Fight crime by hiring someone with a criminal record

Mercury News

Opinion: Fight crime by hiring someone with a criminal record

By Javier Aguirre and Jeff Rosen 

One of Pablo Gaxiola’s first regular jobs was making his bed in jail. Now, Gaxiola works with the Santa Clara County District Attorney, the sheriff, and the presiding judge as part of a top-level team helping individuals transition from cell block to success.

It’s a long but worthy road. As a San Jose kid, Gaxiola was surrounded by gangs and drugs. By 20, he was behind bars in San Quentin. In 2014, Gaxiola was given an opportunity to change his life. He walked into the County of Santa Clara Reentry Resource Center. The one-stop shop that supports currently and formerly incarcerated county residents, referred him to the New Opportunity Work (NOW) Program at Goodwill of Silicon Valley. Along with his fellow participants, Gaxiola started with three months of part-time, on-the-job training such as warehousing or manufacturing. He learned resume preparation, job interview techniques, and went into therapy to change his destructive behavior.

Over five years, Gaxiola worked his way up to become NOW’s Reentry Program Manager. His new goal: helping people who get out of jail and prison to stay out. “My reach is expanding,” Gaxiola said. “I can step up and stand up for people who can’t speak for themselves.”

One in three American adults have some sort of criminal record. In 2018, the Council of State Governments, Justice Center and the National Conference of State Legislators reported there are 15,000 legal provisions that limit occupational licensing opportunities for people with criminal records. Add to that the social stigma that a criminal record carries, and finding a job becomes a monumental task for a monumental population.

It’s worth it to us all that they beat the odds. Incarceration is expensive and disproportionately affects our vibrant minority and immigrant population. It costs about $70,000 a year in this county to have someone in jail. About half of the tens of thousands who serve their sentences at the county’s two correctional facilities identified themselves as Hispanic/Latino. Many walk out of jail and into the Reentry Center looking for a better way.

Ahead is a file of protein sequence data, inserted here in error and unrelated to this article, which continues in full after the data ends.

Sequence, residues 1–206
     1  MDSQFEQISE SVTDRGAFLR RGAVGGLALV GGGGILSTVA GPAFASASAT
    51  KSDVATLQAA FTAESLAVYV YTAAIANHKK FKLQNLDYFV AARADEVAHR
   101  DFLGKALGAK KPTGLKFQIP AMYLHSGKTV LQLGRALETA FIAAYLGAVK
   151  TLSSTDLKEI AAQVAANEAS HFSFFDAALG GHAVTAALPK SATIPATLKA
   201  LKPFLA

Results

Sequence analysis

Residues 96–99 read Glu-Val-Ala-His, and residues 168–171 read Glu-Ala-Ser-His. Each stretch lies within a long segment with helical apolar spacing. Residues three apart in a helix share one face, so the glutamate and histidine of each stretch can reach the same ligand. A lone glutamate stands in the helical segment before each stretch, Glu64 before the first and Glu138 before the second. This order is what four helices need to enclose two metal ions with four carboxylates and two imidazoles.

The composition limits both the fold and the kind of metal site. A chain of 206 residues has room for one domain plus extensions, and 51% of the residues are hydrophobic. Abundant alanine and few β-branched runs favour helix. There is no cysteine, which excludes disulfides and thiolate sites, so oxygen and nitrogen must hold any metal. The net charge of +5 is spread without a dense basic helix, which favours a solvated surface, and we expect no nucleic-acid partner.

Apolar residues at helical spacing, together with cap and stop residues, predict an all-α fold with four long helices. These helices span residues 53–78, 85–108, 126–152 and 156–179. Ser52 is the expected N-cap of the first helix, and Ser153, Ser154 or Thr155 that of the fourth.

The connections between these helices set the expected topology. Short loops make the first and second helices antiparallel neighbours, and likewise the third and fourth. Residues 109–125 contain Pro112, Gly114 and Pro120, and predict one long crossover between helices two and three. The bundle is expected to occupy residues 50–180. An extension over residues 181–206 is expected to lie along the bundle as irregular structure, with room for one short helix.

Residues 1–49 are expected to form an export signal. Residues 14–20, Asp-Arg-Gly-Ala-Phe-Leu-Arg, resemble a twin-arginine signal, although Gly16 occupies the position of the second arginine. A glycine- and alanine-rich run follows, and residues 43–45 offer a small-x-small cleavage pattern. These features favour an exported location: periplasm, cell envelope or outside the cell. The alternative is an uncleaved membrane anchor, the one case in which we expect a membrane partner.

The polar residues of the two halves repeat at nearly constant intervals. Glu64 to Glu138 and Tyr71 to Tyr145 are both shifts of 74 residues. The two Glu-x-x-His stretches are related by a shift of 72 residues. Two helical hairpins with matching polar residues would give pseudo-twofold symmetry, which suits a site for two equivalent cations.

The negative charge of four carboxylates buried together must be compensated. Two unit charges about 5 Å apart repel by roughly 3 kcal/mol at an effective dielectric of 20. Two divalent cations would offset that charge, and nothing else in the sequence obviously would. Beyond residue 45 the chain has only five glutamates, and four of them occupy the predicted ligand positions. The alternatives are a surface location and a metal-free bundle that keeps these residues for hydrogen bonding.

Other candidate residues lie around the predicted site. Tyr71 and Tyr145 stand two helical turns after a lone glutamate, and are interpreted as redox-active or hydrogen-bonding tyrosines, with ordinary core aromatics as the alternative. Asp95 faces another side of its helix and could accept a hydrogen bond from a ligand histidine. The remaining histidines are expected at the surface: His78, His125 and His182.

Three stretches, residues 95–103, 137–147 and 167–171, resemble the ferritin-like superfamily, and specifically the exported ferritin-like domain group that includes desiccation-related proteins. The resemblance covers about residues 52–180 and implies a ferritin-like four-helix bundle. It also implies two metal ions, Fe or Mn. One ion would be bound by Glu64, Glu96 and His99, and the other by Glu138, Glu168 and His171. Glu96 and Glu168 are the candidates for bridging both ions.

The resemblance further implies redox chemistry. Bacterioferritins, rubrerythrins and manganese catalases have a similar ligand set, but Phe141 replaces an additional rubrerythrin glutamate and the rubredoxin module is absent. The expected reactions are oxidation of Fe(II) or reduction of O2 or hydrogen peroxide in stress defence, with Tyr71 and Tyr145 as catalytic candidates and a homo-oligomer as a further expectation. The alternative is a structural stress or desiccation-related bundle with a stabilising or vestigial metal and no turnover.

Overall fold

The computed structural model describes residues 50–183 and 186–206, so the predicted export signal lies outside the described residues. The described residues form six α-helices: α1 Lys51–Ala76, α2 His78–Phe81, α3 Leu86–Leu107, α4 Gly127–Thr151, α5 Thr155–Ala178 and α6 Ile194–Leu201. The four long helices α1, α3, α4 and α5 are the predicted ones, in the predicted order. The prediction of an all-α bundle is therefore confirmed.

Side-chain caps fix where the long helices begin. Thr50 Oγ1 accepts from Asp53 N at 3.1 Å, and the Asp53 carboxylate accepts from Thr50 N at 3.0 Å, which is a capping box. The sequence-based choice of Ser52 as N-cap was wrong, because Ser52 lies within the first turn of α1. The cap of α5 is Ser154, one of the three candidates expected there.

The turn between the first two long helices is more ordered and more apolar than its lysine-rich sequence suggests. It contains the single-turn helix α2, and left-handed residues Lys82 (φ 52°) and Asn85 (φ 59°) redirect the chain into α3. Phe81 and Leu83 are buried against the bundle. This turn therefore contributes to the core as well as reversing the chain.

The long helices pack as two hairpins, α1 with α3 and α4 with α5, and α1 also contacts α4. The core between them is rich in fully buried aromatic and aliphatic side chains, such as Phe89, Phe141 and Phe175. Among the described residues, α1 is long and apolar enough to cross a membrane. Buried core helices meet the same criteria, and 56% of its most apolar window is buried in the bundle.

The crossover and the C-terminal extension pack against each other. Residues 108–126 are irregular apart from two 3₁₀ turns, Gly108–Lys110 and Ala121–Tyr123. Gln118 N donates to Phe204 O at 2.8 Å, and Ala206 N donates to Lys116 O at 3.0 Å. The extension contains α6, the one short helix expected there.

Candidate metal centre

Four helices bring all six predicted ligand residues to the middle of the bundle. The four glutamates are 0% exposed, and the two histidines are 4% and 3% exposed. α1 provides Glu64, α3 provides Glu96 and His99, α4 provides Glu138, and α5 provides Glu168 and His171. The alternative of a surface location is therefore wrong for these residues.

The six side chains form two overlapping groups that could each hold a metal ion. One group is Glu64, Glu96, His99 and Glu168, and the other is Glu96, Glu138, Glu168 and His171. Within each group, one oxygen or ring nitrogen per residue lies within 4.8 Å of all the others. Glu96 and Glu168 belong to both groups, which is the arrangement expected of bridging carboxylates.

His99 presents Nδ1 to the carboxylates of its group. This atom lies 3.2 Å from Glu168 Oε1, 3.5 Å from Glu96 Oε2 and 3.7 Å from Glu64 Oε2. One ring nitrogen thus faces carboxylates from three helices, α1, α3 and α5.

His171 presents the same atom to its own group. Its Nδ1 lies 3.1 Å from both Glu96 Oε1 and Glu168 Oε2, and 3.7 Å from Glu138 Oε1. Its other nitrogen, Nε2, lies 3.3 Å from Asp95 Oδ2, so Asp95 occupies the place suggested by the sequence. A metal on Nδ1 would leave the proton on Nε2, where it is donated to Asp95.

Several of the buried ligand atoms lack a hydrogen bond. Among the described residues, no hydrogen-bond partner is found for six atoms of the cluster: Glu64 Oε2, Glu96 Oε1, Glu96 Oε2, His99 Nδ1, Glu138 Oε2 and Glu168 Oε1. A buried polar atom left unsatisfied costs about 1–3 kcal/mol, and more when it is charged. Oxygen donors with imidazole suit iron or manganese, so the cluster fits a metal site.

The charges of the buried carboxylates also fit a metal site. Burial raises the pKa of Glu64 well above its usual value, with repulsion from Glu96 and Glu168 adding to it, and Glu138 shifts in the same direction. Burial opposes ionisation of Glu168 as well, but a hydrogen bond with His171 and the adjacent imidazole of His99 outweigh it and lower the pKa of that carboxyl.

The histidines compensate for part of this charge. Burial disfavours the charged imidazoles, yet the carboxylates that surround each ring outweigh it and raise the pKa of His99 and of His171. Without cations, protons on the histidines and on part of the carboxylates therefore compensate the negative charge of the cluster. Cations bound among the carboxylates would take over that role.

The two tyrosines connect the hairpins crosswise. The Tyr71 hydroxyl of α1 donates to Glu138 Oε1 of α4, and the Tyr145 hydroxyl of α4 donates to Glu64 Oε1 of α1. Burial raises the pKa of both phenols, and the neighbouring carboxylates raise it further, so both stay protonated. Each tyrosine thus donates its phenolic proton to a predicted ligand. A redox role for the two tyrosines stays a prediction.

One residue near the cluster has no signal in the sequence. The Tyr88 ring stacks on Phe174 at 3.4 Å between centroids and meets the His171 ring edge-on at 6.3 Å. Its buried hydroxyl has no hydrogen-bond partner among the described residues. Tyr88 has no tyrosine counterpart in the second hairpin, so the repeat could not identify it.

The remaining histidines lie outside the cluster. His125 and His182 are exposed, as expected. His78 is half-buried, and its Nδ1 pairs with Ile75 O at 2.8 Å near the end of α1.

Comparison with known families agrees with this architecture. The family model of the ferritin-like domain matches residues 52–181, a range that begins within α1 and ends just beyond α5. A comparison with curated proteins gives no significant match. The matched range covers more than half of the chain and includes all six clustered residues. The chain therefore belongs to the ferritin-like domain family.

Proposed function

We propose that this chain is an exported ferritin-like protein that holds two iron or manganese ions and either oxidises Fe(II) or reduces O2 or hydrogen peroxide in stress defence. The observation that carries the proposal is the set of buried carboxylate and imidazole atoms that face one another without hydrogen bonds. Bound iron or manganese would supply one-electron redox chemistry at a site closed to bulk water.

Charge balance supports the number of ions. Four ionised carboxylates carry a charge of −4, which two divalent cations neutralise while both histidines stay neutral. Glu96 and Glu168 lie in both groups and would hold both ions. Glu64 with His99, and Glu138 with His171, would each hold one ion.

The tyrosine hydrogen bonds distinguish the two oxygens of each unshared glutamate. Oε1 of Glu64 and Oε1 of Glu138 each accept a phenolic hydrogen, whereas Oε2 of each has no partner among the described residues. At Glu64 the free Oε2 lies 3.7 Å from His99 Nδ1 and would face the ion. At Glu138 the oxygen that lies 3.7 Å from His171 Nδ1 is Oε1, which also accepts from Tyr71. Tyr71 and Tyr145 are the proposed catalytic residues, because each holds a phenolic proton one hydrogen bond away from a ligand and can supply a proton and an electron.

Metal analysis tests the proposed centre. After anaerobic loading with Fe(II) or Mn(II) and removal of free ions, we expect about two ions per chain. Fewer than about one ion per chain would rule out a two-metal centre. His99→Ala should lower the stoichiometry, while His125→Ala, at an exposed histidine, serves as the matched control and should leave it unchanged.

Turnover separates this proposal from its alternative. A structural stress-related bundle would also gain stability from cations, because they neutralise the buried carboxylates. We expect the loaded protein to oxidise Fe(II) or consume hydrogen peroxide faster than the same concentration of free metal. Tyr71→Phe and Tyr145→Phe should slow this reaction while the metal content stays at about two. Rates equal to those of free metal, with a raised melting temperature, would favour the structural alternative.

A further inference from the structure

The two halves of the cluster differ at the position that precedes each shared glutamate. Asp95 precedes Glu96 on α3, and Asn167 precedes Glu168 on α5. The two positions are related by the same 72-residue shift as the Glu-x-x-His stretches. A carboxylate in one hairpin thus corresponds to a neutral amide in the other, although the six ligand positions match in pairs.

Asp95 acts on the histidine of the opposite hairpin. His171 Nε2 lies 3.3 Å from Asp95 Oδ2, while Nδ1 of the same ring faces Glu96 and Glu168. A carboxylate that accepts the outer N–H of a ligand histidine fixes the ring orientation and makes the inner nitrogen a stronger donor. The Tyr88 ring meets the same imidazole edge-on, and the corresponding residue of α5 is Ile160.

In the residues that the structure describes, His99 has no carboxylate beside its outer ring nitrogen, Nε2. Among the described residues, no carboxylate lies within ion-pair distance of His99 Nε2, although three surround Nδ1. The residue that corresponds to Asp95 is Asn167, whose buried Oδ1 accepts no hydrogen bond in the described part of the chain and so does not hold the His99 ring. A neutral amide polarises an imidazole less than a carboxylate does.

They can find it through people like Katie Curry. After battling alcoholism for more than 20 years, five of those spent in and out of jail, Katie visited the Reentry Center. She received temporary housing, a job through Goodwill of Silicon Valley, and was enrolled in a class at the Reentry Center offered by San Jose City College geared for clients to become alcohol and drug recovery peer mentors. Curry graduated last spring and was hired by Caminar, a program of the County of Santa Clara Department of Family and Children’s Services that connects reentry clients to resources. Sober now for almost three years, she is working full time, managing a women’s transitional housing unit, and attending San Jose City College to become a Certified Alcohol and Drug Counselor.

County-funded programs are effective, but employing millions of individuals released from jails and prisons in the U.S. each year requires partnering with private employers. To create job opportunities. Tim Herlihy, owner of sheet metal machine shop Creative Manufacturing Solutions Inc. in Morgan Hill, is one local employer who is committed to doing his part. Herlihy believes that a criminal record should not be a deal breaker when hiring. “You shouldn’t be judgmental on the front end,” he said. “You’d be surprised at the work ethic of some of these guys.”

Gaxiola, Curry, and many others are walking out of jails with a deep desire to rejoin their communities and the workforce. We all have a stake in making sure they are successful.

Javier Aguirre is the director of the Santa Clara County Office of Re-entry Services. Jeff Rosen is the Santa Clara County District Attorney.

©2021 County of Santa Clara. All rights reserved.